“A Thousand Times Goodnight” — The Work/Family Conflict Goes to War

safe_image.phpA Thousand Times Goodnight goes way beyond the usual conversation about how a woman can balance the competing demands of work and family. It illuminates the profound moral quandary at the heart of the conflict, heightened because this mother’s work not only takes her away from her family: It can also kill her.

Rebecca (Juliette Binoche) is a renowned war photographer who we meet as she’s filming, in Afghanistan, a circle of women around an open grave. In the grave is a young woman. While Rebecca furiously shoots that face, the eyes pop open. Soon, the young women is out of the grave, being fussed about by the women around her, and finally dressed with a bomb vest. Rebecca rides into Kabul with the girl with the explosives, gets out of the car and watches the explosion and the bodies fly, but the filming never stops. Rebecca is driven to shoot and shoot, until finally, she falls to the ground, unconscious. Rebecca opens her eyes in a hospital bed with a punctured lung, her husband Marcus (Nikolaj Coster-Waldau) at her side.

Norwegian director Erik Poppe’s first English-language film, based on his own work in the 1980s as a war photojournalist, A Thousand Times Goodnight could then have morphed into a predictable family drama. Marcus (the actor who plays him is best known to American audiences from HBO’s Game of Thrones) is the husband who cares for their two children when Rebecca is away. An apparently loving father who has been holding down the fort for years, he is now finally at the end of his rope. He wants Rebecca to stop, to stay home, to care as much about the family—especially their older daughter Steph (Lauryn Canny), a teenager enraged by her mother’s willingness to repeatedly leave, putting herself in the line of fire—as she does about photographing every forgotten war around the globe.

But documenting the terrible cost of invisible wars—and the even more invisible wounds of those wars—is Rebecca’s passion. Her need to make us look is desperate, and she feels she cannot, must not, turn away. Still, as she recovers at home in Ireland, the struggle between her and Marcus over her work and its consequences heats up. He gives her an ultimatum—their marriage or her work. Clearly anguished, she agrees to end her war coverage. But that’s not the end of the story. It is not the spousal relationship, but Rebecca’s fraught relationship with Steph that brings the film to a full boil. And this is what separates the predictable from the not-so-predictable in this film.

Rebecca spends much of her recuperation time with Steph, trying to rebuild their relationship. Learning that Steph is working on a school paper about humanitarian issues in Africa, Rebecca invites her to visit a colleague at an agency that works on African issues. While they are there, Steph overhears the colleague, Stig (Mads Ousdal), cheering Rebecca’s decision to stop covering conflicts. He then invites Rebecca to travel to Kenya to photograph an agency refugee camp, a place he assures her is “safe.” Abiding by her commitment to Marcus, Rebecca says no.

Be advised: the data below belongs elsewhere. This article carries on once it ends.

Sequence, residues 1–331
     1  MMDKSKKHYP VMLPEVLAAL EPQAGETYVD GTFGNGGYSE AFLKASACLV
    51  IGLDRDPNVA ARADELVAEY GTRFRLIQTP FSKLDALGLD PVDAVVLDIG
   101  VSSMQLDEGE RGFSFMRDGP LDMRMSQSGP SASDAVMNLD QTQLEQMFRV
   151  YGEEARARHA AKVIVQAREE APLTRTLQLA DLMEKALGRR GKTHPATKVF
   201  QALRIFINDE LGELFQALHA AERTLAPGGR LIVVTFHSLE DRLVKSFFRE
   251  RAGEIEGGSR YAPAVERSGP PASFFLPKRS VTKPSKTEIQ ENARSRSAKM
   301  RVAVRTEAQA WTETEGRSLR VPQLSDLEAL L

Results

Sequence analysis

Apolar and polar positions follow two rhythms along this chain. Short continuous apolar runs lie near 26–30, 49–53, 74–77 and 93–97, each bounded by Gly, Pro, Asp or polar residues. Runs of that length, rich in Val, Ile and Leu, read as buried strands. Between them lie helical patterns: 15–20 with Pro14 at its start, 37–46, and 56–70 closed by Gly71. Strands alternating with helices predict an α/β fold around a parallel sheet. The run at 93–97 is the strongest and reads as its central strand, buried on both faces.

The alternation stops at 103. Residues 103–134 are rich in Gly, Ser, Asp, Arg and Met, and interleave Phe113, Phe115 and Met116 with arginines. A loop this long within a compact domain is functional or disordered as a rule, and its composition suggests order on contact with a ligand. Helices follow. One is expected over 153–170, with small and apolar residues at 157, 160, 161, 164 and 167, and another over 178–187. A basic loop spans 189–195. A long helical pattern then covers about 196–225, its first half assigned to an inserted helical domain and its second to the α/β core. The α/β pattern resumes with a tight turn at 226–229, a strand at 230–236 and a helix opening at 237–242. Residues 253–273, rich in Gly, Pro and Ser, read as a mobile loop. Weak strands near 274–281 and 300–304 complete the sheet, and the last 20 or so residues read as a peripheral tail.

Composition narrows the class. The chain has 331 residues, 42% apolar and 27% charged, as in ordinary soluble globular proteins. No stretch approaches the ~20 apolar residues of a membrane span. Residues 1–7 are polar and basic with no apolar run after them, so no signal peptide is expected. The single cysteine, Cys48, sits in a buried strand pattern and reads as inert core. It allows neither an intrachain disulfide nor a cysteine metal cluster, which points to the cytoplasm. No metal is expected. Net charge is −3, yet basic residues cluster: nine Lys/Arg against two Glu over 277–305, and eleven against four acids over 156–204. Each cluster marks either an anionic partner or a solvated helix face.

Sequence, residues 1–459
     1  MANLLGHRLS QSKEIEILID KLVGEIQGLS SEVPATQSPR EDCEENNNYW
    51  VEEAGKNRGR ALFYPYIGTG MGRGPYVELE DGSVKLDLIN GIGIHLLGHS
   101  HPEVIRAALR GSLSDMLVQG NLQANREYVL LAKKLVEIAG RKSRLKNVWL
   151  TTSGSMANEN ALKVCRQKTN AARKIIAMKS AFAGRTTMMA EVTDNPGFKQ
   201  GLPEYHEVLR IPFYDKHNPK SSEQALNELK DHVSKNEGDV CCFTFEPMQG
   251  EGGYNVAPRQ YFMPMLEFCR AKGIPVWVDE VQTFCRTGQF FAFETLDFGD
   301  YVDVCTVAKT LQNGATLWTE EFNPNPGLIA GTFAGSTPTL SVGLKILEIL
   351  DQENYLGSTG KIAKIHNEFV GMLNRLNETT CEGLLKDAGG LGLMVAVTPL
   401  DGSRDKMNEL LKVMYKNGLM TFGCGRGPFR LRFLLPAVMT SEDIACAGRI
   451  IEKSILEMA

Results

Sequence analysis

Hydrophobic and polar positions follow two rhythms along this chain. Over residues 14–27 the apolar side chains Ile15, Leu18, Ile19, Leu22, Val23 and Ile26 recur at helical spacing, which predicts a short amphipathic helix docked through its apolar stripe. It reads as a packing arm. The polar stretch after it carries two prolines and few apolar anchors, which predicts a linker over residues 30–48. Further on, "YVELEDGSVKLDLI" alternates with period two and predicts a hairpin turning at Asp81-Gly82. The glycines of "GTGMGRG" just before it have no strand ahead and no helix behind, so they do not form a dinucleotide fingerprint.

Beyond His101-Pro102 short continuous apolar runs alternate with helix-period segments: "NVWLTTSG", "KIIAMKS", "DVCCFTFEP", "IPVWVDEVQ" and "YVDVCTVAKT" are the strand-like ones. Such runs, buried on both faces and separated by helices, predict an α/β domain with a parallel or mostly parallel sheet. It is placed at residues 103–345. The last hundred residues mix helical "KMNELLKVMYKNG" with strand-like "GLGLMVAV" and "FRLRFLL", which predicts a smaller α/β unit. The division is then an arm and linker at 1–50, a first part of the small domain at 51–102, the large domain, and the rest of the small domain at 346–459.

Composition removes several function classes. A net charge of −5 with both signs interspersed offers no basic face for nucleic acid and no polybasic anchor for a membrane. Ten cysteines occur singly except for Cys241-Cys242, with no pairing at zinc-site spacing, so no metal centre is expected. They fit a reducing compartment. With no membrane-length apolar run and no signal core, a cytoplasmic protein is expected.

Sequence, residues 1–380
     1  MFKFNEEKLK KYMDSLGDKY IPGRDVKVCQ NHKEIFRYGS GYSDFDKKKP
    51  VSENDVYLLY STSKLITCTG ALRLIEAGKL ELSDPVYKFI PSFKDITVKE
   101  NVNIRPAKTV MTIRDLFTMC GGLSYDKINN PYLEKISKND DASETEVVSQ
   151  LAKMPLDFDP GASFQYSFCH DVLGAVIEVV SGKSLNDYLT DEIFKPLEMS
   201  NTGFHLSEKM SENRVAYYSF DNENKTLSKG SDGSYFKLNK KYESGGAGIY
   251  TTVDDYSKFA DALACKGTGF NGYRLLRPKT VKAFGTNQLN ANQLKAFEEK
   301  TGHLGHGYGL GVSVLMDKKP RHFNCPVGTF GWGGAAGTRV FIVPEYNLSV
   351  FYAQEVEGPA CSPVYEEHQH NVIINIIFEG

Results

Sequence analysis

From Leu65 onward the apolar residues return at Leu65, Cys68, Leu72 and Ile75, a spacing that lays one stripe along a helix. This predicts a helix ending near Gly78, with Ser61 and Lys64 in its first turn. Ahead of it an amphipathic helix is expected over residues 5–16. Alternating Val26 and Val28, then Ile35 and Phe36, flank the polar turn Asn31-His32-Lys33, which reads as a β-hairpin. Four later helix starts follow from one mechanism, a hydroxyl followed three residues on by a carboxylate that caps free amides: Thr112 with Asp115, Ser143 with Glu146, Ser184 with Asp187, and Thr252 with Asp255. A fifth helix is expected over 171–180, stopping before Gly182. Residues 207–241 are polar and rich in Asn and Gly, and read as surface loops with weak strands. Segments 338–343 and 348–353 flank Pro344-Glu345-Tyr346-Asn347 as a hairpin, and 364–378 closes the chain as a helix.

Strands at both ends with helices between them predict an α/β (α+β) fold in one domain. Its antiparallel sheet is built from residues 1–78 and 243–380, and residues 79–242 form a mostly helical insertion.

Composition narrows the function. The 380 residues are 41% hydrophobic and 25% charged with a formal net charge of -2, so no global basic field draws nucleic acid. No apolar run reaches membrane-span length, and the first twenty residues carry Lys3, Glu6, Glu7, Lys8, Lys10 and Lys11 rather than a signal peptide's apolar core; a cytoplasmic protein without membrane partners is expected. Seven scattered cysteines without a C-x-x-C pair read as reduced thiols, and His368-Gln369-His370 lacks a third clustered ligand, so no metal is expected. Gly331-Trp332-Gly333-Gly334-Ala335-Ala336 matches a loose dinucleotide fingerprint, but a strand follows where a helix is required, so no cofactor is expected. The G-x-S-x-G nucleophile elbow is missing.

In an emotional backflip, Steph comes to shift allegiances. Spending time with her mother, being presented by a fellow student with one of her mother’s award-winning photos of the face of a mangled child war victim, Steph begins to appreciate her mother’s work in a way she had never done before. She also sees this trip as an opportunity to get an on-the-ground picture of African conditions that will bring her school presentation to life. Not only does Steph want her mother to make the trip, she wants to go with her. Back home, Steph rages at her father, accusing him of controlling everyone, finally convincing him to agree to the trip.

Fast forward to the camp, and the moment when what seemed so safe suddenly isn’t. Rampaging forces descend. Mother and daughter are urged to get into a departing van. Steph climbs in, Rebecca doesn’t. Looking to the van, then looking to the camp, Rebecca begins to shoot. With every click of the shutter, in concert with the approaching gunfire, Rebecca is pulled into the vortex of her dangerous passion, into what she feels she and she alone at that moment can do. Steph cries, pleads and bangs on the van window, screaming for her mother to get in, to leave, to turn her back on what’s happening.

Ignited by Binoche’s and the young Canny’s deeply felt performances, the film teeters on that moment of choice. It is a kind of Sophie’s Choice, a moral choice Rebecca must make between the daughter she loves and her own willingness to sacrifice her life for her duty to the larger world. No flex work schedule, family leave policy or workplace accommodation can address that aspect of the conundrum that a working woman—at least some working women—must face.

And once one goes there, the question arises: If Marcus had been the photographer, would so much have been riding on that moment of choice? Would our expectations have been the same? Our judgments?

Chances are you will leave this gripping, enlightening film with a more visceral awareness of the issues at play here, of why we still don’t, and may never, have a truly simple solution to what has become known, perhaps too blithely, as the challenge of balancing work and family.

 

Photo courtesy of A Thousand Times Goodnight Facebook 

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